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protection of that program. republicans live on this planet in which we see the temperature rising and the consequences of global climate change hurting more and more people. some republicans are black, some republicans are latino, some republicans are gay. and when they heard that they are included in obama's vision of america they must have felt good about that. so i don't agree that this speech didn't reach out to the full range of the political spectrum left and right. i think if you're in the categories that he mentioned, that no matter what your political ideology may be, that you would feel that, yeah, this includes me. now, i think the president's speech was also great because it was courageous. no president has ever mentioned before the gay community in the united states. and most people, like myself, and most people are what we call straight or heterosexual but we know, all of us know that there is prejudice against the gay community.
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there's no denying this. there's no sense in denying it. and we all know that these folks are our neighbors, they're our co-workers, they're our friends and we know that they have suffered because of prejudice against them. and for a president to stand up and say this isn't right and that everybody's included in the american dream, i thought was a great moment. it was a first. it was historic. and i think that president obama seized the historical mantle and said, you know what? i'm not going to sit up here and use a bunch of flurry, vague language. i'm going to get up and talk about what i really believe in. i was so proud of obama yesterday. i admired how he handled himself and what he said. i think over the past four years president obama has in my opinion, bent over backwards to reach out to the republican caucus. i mean, he's really accommodated them in a whole number of ways. and yet their caucus and the record is clear, has come forward and said that their goal
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over the course of the last four years was to make him a one-term president. well, they failed. he's a two-term president. so the question is, are we now going to come together? is the caucus of no now going to say, ok, there's some things we're willing to work with? i hope so. you know, let me tell you, my dad was a republican for many years and of course i love my dad, loved him when he was a republican. and he was what i call a sensible republican. he believed in watching the money, he believed in getting the most out of every dollar. he believed that government had a limited role and shouldn't get in everybody's business. but today we have folks who are not, you know, in the realm of like even negotiation. they're willing to shut the government down, allow our -- us to go over the fiscal cliff and default on america's debt just to get their way. now, that's not -- that's an extremist position. this is an extremist -- extremist ideology.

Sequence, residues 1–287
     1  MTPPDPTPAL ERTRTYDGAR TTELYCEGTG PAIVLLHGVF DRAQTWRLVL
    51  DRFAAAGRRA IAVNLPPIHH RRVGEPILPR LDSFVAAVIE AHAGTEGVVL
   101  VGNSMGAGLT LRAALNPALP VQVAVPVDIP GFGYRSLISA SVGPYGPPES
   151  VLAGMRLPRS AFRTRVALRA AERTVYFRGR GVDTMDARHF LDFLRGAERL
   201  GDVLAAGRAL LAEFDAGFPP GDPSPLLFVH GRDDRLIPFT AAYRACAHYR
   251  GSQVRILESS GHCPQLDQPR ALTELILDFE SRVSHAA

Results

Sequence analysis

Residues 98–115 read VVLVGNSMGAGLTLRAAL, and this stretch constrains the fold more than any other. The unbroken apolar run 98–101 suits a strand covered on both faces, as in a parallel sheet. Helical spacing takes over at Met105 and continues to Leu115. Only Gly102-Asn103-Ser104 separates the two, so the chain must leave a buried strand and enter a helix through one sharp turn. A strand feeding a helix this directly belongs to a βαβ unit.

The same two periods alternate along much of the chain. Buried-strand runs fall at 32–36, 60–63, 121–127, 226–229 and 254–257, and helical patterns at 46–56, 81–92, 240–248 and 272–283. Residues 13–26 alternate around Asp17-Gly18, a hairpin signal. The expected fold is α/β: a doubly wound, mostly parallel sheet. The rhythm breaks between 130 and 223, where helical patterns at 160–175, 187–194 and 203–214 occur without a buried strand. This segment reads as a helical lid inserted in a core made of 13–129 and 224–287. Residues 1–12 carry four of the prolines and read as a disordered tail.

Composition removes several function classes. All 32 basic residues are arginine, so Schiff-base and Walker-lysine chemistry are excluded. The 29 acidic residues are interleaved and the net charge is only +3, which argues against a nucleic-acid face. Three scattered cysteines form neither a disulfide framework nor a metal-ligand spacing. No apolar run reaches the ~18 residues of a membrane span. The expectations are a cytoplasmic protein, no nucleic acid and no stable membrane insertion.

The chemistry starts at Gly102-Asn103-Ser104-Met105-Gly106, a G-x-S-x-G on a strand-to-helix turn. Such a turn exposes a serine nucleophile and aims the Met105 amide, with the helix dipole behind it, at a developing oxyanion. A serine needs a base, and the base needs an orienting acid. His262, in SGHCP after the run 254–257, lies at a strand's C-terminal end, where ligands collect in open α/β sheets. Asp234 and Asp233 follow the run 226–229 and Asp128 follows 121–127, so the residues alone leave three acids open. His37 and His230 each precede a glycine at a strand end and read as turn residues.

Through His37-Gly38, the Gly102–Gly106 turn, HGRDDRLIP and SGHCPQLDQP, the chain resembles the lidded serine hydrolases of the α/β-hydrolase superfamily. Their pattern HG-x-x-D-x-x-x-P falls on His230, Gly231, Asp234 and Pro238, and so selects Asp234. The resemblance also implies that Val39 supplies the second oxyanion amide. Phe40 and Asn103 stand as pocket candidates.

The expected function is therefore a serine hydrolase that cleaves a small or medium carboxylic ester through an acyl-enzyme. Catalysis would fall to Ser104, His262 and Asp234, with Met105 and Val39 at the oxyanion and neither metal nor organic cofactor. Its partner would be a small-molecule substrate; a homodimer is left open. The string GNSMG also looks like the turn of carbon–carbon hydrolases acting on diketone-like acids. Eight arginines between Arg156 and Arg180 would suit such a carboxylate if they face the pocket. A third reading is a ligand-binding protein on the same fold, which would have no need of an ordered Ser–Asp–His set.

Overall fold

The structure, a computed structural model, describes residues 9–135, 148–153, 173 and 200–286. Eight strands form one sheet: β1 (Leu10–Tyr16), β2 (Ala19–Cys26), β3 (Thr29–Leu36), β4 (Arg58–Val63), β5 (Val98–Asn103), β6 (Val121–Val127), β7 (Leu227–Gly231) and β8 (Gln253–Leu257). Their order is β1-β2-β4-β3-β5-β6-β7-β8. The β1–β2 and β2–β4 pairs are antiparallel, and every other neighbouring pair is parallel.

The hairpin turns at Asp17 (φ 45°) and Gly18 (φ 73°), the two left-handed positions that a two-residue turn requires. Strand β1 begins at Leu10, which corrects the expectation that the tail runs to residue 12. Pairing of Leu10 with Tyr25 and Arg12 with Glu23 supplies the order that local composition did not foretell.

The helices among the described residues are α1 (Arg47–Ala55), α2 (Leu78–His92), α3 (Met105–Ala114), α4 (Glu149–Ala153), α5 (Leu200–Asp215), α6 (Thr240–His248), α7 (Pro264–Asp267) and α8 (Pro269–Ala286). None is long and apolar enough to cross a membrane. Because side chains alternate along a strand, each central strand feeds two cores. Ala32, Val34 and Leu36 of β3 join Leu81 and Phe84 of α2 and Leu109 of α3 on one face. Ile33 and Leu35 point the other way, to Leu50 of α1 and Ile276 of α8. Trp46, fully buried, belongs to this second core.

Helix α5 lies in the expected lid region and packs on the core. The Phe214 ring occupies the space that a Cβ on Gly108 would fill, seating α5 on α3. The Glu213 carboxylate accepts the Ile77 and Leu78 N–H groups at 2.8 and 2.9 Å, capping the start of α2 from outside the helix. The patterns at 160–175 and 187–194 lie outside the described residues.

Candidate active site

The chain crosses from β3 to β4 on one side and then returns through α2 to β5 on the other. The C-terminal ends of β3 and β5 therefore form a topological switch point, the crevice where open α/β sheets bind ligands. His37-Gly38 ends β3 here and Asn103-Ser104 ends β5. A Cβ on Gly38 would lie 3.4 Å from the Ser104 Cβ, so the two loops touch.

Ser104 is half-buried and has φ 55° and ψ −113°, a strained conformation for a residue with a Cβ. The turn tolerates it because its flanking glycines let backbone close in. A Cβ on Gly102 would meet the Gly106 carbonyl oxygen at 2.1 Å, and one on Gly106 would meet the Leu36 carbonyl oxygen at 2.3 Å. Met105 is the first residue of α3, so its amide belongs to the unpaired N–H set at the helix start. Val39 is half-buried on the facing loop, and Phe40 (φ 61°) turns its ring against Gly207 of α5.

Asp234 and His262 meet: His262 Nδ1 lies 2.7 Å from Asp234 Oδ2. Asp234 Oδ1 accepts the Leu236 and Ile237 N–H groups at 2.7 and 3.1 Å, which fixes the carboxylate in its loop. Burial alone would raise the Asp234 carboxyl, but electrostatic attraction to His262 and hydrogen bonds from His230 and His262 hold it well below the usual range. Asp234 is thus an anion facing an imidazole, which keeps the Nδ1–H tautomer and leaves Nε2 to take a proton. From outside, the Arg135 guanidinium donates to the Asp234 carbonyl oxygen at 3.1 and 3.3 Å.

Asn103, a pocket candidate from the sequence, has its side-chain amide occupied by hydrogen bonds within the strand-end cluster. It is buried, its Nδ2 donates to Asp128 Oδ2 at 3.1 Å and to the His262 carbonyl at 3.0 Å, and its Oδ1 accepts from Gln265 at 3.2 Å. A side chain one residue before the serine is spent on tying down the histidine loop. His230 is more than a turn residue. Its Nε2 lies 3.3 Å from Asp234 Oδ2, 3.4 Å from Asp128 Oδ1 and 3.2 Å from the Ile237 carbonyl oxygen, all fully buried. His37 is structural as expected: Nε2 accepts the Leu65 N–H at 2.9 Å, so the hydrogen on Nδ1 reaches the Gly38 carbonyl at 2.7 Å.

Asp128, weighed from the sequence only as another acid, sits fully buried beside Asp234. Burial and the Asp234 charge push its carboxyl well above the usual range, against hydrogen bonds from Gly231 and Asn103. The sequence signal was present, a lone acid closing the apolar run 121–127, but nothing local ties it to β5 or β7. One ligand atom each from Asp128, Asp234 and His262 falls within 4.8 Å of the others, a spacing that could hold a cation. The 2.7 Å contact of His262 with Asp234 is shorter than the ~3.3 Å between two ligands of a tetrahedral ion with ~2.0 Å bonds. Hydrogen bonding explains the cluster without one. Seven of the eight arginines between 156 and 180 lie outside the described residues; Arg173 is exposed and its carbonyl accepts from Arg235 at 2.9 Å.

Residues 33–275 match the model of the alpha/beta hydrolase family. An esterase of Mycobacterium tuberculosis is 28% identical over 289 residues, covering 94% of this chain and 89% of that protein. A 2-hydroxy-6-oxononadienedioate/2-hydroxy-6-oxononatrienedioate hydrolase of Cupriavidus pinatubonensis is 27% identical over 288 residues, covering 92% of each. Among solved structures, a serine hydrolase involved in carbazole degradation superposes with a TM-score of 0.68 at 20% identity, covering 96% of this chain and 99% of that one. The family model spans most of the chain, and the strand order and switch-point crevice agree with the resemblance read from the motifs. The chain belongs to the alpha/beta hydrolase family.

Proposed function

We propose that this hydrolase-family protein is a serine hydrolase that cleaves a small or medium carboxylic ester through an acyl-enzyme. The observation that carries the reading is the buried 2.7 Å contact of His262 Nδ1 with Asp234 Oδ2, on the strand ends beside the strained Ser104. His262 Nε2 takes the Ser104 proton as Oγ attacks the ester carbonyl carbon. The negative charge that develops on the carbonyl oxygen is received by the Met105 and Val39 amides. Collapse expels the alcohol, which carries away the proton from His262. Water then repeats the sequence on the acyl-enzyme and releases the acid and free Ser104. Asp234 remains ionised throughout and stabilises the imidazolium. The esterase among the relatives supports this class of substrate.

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it's not a reasonable thing to say. now some of them will come up here and say, well, you know, talking about how big the debt and the deficit is. but wait a minute. when we say that we want to say cut oil subsidies to big oil companies they don't want to do that. when we want to raise some taxes on the wealthy so we can use that money to lower the deficit, they don't want to do that. i doubt anyone who says that they're so outraged by the debt and the deficit and we give credible solutions on how to lower it and they say, no, i begin to doubt that that's really what you're concerned about. you know, the speech yesterday that the president gave i believe is a good starting point. the president is not negotiating with himself. he's declaring his position. the other side in the political divide can declare their position. then we can come together and negotiate. in the past, and i'm a huge supporter of the president, but
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i kind of believe what he used to do is he used to state his values, then he used to anticipate what the other side would want, then he used to try to come together, bring both toll together, then ed -- bring both together, then he'd go to the table and negotiate. we'd end up with a centrist position. then anywhere we went from there would be further to the right. so if we were lucky we ended up with a center-right position. now i think we start with -- proud to be progressive liberals as we are, we start out where -- what we believe. in they say what they believe in. then we negotiate and maybe we'll end up in the middle. but i don't want end to up in the right -- in the center-right anymore. i want to end up with some reasonable compromise that protects social security, medicare, medicaid, that protects civil rights for all americans. that addresses this massive income inequality, that addresses climate change and moves us toward a green economy, that allows people who are immigrants to have a pathway back into respectability of life